Brett McKeachnie 
Senior Director of Product Portfolio Management


Did you know that the UVU IT Operations team has someone on-call 24/7, 365 days a year? We rotate shifts and get alerts from monitoring so that we can escalate outages and communicate with customers whenever an outage impacts employees, students, or faculty. 

Depending on the impact, our communications may stay internal to IT, where you can see info in the Outages channel on Teams or on If an outage impacts students, employees, or faculty, we try to post a notification to the UVU Statuspage within 15 minutes. A growing number of people are subscribing to alerts on the Statuspage (found at There, the public can find outage impact and resolution information on IT services that they care about. We use the UVU Statuspage page to deliver reliable and timely updates to everyone.

We also collaborate with the change system and post advanced notice of maintenance on services that may experience scheduled downtime. This is a team effort. We can back you up and help communicate to the campus community when the change system is used to enter scheduled maintenance. Planning outages also prevents the unnecessary escalation of issues. You can access the change system by going to and authenticating as a UVU IT employee.

Thank you to everyone who helps this system operate smoothly.

Jim Condie 
Director of IT Infrastructure Services / Operations



True Radical Candor

There is a simple formula to developing trust: First, you have to Care Personally (being your whole, genuine self) about others (as human beings). Second, Challenge Directly (i.e., telling people when what they do is not good enoughAND when it is). As Kim Scott put it in her book, Radical Candor:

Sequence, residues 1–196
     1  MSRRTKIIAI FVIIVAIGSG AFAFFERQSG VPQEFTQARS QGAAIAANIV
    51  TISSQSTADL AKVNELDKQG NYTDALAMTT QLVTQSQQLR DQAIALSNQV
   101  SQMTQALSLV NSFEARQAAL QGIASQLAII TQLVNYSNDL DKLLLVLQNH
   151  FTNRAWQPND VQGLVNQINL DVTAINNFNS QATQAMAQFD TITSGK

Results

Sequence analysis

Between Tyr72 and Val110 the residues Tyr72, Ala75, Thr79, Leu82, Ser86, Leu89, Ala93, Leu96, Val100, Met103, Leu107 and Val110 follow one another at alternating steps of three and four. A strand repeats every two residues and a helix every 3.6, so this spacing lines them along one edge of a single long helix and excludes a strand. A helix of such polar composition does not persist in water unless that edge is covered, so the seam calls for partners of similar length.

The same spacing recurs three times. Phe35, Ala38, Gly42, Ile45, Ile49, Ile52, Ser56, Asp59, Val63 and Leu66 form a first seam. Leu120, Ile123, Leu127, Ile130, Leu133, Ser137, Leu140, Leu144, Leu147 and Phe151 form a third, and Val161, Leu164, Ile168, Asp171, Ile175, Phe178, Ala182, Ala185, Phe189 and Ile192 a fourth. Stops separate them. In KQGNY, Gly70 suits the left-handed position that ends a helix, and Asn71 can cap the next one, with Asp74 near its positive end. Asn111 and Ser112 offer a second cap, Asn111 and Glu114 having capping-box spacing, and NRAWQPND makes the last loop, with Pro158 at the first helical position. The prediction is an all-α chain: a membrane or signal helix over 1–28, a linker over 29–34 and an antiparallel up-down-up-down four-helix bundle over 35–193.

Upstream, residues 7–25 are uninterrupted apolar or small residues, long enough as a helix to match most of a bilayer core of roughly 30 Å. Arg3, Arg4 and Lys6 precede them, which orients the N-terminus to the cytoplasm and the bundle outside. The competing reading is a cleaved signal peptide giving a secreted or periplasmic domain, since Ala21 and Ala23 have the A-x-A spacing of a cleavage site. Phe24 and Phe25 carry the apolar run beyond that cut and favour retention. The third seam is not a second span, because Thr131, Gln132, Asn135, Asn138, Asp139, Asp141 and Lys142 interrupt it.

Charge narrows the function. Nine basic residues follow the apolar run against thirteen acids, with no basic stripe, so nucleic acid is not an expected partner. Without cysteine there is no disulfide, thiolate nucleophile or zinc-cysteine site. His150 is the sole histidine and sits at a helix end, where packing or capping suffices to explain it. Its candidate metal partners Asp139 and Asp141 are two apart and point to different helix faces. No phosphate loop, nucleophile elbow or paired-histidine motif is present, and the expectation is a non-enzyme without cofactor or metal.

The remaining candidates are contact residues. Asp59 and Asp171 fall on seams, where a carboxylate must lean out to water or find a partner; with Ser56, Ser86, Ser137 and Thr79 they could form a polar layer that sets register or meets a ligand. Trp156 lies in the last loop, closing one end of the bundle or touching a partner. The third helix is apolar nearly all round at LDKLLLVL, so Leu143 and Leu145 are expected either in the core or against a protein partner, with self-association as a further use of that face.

"Radical Candor is what happens when you put Care Personally and Challenge Directly together.  [It] builds trust and opens the door for the kind of communication that helps you achieve the results you’re aiming for."

We all know the adage of actions speak louder than words, and we’ve talked a lot about how actions are what lead to a change of thinking rather than the other way around; however, when it comes to genuinely caring, it has to come from within. So we come around againfull circlewith another one of life’s many paradoxes. Here is that formula: Thoughts produce feelings; feelings produce actions; actions always produce corresponding results. Therefore if you want proper results, entertain proper thoughts.

Joe Belnap 
Senior Director of Special Projects for IT

Three Quotes to Live By

Three things to live by:

"The greatest pleasure in life is doing what people say you cannot do."
 - Walter Bagehot, English author

"Our greatest weakness lies in giving up. The most certain way to succeed is always to try just one more time."
 - Thomas A. Edison

"I have not failed. I've just found 10,000 ways that won't work."
 - Thomas A. Edison

Mike Duffin
Director of Automation / Integration Services

Be Authentic

“Be yourself; everyone else is already taken.”
Bobby Lott 
Director of Digital Service Management


Cool striped pattern.

Open Job Positions

The following positions are available in Dx as of February 28, 2021:

Be sure to watch for more opportunities in Dx.  

Is there an opening in your division or department that needs to be filled? Be sure to get it approved according to the Temporary Human Resources Guidelines. Once the position is open, get the word out by submitting it to Caitlin Tobler for next month’s newsletter. 

New Employees

No new individuals have been recently hired by Dx, transferred to a new department, or given a promotion.